Nutritional awareness is home grown

By Gus Bode

 

Laura Williams, a graduate student in geography from Fairfield, rinses lettuce Thursday outside of the Vermicomposting Center. Williams supervises the center and delivers vegetables to Lentz and Trueblood dining halls. Though University Housing pays for the seeds, Local Organic Initiative of Carbondale, receives grants from the SIUC Green Fund. The hoop house built last fall was one project funded by the grant. Williams said twice a week they harvest from the hoop house and outside garden. With the help of approximately four volunteers and two interns, yesterday and today, Williams harvested more than three pounds of peppers, five pounds of Romaine lettuce, 15 pounds of tomatoes, and 20 pounds of cucumbers.

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National trends show nutritional awareness has become important to more than just vegetarians and vegans.

A study by Bon Appétit Management Company, a California food-service provider, reported the number of college students who identify themselves as vegetarian has risen by 50 percent since 2005. The number of vegan students has doubled, too, according to a Huffington Post article Tuesday.

Peggy Connors, associate director of housing and residence hall dining, said the dining halls have one vegetarian and one vegan option daily during lunch and dinner. The options are labeled with symbols so students are aware of their choices. The dining halls use locally grown foods, some of which comes from a student-grown garden.

Although options are available, some vegetarians are not satisfied with their options on campus.

Ed Sefton, a freshman from Naperville studying zoology, said it is easy to find vegetarian options, but he would like to see more of a selection.

“The diversity of the choices isn’t always the best,” he said.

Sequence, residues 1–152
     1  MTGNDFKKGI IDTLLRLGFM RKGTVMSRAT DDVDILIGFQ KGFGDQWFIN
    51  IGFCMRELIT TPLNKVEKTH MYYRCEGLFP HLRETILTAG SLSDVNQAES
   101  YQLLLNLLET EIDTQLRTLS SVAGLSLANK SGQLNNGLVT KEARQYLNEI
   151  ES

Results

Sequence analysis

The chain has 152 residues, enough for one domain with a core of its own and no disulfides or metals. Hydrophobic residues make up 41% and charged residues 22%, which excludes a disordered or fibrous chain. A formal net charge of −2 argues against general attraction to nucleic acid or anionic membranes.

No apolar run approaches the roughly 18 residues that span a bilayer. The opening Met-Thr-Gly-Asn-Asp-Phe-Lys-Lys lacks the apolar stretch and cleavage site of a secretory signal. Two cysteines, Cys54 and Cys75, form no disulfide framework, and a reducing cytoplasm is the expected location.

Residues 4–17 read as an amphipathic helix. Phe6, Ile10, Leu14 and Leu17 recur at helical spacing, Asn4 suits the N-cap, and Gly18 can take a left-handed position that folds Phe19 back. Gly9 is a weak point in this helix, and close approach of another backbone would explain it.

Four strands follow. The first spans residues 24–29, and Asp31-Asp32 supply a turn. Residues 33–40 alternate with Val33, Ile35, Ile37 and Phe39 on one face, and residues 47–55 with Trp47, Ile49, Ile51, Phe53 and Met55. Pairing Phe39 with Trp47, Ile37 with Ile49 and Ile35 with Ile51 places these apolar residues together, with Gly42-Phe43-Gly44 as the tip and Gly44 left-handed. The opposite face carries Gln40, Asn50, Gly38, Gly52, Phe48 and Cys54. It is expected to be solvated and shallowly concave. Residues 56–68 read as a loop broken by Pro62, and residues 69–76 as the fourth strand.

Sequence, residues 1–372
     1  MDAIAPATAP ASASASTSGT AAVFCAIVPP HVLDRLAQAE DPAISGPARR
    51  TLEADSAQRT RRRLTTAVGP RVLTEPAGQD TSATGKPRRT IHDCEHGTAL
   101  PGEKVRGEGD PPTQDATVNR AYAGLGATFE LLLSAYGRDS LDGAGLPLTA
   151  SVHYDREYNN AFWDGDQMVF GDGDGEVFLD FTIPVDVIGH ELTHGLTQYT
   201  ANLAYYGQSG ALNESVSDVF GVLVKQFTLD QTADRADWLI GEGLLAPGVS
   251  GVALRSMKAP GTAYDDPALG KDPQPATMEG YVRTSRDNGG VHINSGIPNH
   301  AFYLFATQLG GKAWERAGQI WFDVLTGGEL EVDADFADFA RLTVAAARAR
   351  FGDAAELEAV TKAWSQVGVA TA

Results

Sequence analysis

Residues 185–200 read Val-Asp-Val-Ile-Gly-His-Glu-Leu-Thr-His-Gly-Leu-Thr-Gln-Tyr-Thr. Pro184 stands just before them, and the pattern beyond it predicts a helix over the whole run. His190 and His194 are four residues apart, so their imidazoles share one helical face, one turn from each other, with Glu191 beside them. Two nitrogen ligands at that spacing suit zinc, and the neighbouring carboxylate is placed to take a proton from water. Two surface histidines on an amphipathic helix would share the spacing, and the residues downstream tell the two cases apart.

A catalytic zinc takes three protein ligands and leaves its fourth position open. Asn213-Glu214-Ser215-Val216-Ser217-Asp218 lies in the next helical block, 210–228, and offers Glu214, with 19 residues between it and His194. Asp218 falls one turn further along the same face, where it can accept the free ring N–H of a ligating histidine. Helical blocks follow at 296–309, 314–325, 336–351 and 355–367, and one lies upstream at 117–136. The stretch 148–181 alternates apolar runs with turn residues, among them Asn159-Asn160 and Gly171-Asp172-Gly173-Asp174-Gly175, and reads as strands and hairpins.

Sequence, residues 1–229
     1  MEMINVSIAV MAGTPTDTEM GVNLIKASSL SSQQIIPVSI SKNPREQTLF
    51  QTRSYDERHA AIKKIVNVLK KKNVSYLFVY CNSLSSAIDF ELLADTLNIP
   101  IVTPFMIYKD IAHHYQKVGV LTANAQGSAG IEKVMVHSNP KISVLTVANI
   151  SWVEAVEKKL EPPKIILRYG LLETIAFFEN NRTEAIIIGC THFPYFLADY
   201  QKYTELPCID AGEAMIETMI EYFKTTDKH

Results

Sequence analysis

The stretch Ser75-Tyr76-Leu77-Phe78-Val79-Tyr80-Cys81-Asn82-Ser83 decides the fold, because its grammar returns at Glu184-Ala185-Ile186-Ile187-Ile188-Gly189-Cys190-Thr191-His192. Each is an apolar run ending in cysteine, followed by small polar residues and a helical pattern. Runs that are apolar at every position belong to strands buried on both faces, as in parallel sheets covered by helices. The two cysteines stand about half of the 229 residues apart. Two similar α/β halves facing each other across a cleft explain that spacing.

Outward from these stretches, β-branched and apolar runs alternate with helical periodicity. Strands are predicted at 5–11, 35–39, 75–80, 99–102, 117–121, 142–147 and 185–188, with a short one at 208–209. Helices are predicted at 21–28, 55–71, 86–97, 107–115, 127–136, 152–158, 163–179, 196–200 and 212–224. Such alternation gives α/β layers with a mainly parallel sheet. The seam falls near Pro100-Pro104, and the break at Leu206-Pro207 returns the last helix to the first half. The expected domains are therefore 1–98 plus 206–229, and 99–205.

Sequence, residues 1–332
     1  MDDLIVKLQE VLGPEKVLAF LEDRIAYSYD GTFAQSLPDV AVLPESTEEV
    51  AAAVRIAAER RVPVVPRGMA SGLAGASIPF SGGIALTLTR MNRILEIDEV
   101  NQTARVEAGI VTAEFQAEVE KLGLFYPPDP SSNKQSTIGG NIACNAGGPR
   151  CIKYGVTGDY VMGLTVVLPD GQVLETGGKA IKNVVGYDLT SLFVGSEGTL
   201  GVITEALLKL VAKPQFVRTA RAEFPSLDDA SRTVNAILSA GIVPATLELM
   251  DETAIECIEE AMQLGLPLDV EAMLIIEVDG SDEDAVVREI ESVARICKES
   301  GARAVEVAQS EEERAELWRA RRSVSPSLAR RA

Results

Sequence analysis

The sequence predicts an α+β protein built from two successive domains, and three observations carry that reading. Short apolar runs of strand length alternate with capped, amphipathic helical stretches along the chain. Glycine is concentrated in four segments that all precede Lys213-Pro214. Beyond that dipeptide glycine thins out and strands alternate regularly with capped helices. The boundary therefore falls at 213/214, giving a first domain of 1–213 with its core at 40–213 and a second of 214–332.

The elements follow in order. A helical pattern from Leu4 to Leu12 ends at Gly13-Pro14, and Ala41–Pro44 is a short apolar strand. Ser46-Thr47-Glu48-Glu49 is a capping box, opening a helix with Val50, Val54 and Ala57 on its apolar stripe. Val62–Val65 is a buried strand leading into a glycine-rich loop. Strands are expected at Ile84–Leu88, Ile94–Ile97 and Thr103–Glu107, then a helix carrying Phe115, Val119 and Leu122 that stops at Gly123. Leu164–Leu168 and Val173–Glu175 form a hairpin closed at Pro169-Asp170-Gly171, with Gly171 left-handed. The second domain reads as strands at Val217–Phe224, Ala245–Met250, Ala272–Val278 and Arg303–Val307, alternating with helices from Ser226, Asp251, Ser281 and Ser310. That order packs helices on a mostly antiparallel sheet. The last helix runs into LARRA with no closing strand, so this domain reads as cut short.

Yvet Holmes, a junior from Belleville studying journalism, said she thinks it was easier being a vegetarian before coming to college.

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“I was able to cook my own food and make sure my meals were properly prepared and balanced,” she said. “I was also able to read the nutritional facts on anything I bought or restaurants that I ate at to make sure the meal catered to me.”

March 9 was named Registered Dietitian Day in 2007 to encourage Americans to become more conscious of how their health is affected by the foods they eat.

According to the Organic Trade Association, U.S. sales of organic food from 1990 to 2010 have grown from $1 billion to $26.7 billion.

Holmes said she is concerned about students being able to make good choices in the dining halls when there are fewer options for those who do not eat meat.

“I also think it’s extremely important that the dining halls … show the nutritional facts online so that everyone, including people who eat meat, would make better choices,” she said.

One of SIU’s Registered Student Organizations, the Local Organic Gardening Initiative of Carbondale, aims to bring healthier options to the university dining halls.

The RSO uses organic techniques to grow food that can be sent to the dining halls. By growing food on campus, the group decreases the carbon footprint that stems from conventional food production and distribution.

Sefton said the efforts of local gardeners are helpful to the school since eating organically is important to him.

“I like to know what I’m eating isn’t sprayed with chemicals,” he said.

The Vermicomposting Center, SIU’s facility used for researching the method of composting with earthworms, is the site of the RSO’s organic garden.

Laura Williams, research assistant in geography and environmental resources and co-president of LOGIC, said one of the main motives of the group is to bring sustainability to the dining halls.

“The idea behind this, which is now being realized, was that some of the food waste that was created in the dining halls would come to the Vermicomposting Center on campus and be turned into compost that, in turn, could be used to produce more food for the dining halls,” she said.

Connors said she thinks it is important to serve local food in the dining halls.

“(Locally grown food) is fresher; it travels less; there’s not as much money involved by shipping it from the other states,” she said. “We get more than 30 percent of our food from within a 250-mile radius.”

Williams said she believes in a commercialized culture because it is important to consider where food comes from.

“Food is a basic need and it is important in these times to take a step back and understand what we are relying on, in order for this basic need to be met,” she said.

 

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